Frozen Facts

FACT: Ice Cream Sundaes were created when it became illegal to sell ice cream with flavoured soda on a Sunday in the American town of Evanston during the late 19th century. Some traders got round it by serving it with syrup instead, calling it an 'Ice Cream Sunday' and eventually replacing the final 'y' with an 'e' to avoid upsetting religious leaders. Britain has the third highest consumption of ice cream in Europe at around 8 litres per person per year, but consumption has little connection with sunshine as we fall behind the Danes and the Swedes. None of us match the Americans though, who get through a staggering 21 litres per person each year.

FACT: Most ice cream contains more milk protein weight for weight than is present in milk itself.

FACT: The first real evidence of the existence of a form of 'ice cream' originates from China's Tang period (A.D. 618-97).

FACT: King Tang of Shang had among his staff 94 ice men who helped to make a dish based on buffalo milk, flour and camphor.

FACT: Hokey Pokey is a traditional name for ice cream and originated from the early ice cream vendors who peddled their wares shouting “Ecco un poco” - try a sample.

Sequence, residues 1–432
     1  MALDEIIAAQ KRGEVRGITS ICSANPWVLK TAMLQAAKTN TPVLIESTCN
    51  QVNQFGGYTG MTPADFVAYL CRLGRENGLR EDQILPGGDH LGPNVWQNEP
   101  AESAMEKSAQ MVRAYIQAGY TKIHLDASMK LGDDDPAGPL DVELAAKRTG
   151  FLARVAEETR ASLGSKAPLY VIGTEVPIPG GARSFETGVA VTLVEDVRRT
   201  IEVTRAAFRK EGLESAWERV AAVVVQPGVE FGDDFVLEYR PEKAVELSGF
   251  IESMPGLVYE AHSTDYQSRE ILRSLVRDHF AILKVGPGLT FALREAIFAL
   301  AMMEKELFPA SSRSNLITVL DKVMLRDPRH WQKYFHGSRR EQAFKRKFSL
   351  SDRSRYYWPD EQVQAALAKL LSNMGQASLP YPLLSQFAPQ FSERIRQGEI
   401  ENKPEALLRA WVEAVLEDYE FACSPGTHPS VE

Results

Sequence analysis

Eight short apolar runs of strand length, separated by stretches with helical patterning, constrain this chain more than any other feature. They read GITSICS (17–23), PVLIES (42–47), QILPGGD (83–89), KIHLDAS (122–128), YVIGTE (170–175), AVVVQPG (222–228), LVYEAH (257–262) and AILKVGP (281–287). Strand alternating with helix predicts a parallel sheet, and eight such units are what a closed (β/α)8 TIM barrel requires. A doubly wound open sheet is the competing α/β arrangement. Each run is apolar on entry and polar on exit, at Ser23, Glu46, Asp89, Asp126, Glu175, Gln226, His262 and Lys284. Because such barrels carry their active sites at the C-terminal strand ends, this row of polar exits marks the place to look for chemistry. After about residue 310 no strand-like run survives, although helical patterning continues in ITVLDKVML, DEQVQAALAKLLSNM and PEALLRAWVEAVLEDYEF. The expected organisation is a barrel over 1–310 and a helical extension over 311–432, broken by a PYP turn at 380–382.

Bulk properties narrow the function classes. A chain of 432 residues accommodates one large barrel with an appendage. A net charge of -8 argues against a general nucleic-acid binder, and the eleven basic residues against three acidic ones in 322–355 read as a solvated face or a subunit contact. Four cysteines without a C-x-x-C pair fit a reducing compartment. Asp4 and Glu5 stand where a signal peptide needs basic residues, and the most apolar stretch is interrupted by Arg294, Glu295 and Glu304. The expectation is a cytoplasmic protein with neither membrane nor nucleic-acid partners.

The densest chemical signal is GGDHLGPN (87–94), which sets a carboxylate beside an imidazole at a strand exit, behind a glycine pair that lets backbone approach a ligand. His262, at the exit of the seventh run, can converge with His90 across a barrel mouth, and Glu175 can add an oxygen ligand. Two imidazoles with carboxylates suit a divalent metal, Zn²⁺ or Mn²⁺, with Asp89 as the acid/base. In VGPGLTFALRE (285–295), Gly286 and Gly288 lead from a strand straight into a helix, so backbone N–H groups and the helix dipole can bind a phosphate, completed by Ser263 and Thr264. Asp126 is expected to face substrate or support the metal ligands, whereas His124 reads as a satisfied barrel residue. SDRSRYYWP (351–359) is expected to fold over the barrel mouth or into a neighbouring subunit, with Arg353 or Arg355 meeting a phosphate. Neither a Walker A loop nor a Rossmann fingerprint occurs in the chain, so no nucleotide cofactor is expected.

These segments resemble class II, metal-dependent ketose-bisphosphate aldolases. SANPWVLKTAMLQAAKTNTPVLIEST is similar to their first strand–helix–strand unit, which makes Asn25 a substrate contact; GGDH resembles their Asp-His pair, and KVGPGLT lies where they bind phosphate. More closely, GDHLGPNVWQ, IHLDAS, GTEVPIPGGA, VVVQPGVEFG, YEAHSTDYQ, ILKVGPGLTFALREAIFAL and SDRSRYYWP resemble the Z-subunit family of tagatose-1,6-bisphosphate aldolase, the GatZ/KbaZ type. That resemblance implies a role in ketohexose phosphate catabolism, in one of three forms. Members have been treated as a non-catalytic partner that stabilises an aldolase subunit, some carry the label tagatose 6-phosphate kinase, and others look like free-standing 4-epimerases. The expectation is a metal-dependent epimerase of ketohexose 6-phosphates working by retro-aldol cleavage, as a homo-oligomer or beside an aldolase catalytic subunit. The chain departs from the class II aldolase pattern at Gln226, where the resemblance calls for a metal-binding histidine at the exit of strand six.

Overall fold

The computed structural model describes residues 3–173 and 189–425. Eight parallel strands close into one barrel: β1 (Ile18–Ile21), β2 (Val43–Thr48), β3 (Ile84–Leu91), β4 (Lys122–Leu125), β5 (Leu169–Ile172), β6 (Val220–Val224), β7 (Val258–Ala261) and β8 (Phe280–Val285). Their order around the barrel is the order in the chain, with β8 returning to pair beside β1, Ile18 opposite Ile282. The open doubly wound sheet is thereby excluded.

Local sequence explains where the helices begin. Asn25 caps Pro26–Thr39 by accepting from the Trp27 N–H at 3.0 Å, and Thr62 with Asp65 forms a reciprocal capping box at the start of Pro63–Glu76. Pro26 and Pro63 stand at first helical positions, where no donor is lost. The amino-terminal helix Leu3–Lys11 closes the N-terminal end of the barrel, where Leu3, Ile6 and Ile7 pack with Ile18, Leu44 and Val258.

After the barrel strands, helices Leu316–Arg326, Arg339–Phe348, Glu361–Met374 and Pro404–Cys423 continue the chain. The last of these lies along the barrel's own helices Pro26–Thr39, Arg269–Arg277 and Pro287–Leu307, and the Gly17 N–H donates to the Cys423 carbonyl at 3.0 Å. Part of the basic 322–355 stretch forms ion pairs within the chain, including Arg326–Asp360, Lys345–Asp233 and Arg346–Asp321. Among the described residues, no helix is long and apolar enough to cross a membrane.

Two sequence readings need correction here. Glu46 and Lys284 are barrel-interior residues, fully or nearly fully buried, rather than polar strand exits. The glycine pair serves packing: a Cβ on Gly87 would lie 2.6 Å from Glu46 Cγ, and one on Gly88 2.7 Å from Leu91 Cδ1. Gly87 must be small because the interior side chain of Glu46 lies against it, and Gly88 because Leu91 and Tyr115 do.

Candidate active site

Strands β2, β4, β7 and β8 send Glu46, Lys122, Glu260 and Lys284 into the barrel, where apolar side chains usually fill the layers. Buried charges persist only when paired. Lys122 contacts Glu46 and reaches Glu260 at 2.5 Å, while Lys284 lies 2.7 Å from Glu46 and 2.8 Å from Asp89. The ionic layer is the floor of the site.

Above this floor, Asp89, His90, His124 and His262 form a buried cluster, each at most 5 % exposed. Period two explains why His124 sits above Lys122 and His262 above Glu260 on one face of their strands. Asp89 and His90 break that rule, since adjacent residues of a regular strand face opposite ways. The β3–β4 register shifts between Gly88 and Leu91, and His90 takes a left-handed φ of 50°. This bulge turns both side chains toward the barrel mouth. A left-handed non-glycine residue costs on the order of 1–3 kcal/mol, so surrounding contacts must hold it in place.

FACT: Ice cream is now considered a food rather than a hot weather treat as 90% of homes have freezers. In Europe, water ices first appeared in the early 1660's in Paris, Naples, Florence and Spain and the first documented evidence of ice cream in England was published in 1672 during the reign of Charles II. At the Feast of St George in 1671 the only table to be served ices was the King's, with one plate of white strawberries and one plate of ice cream.

FACT: The people of Scotland and Northern Ireland eat more ice cream on average than those in England and Wales. Surveys have shown that men are more likely to choose ice cream as a dessert than women.

FACT: Flavours you'd never have thought of and yet they're commercially available: Sorbets - Smoked Salmon, Tomato Ice Creams - Cheese, Chilli.

FACT: The ice cream cone is the most environmentally friendly form of packaging. A Syrian from Damascus, Ernest E Hamwi is credited with its invention. Apparently, during the 1904 St Louis World's Fair, his waffle booth was next to an ice cream vendor who ran short of dishes. Hamwi rolled a waffle to contain ice cream and the cone was born.

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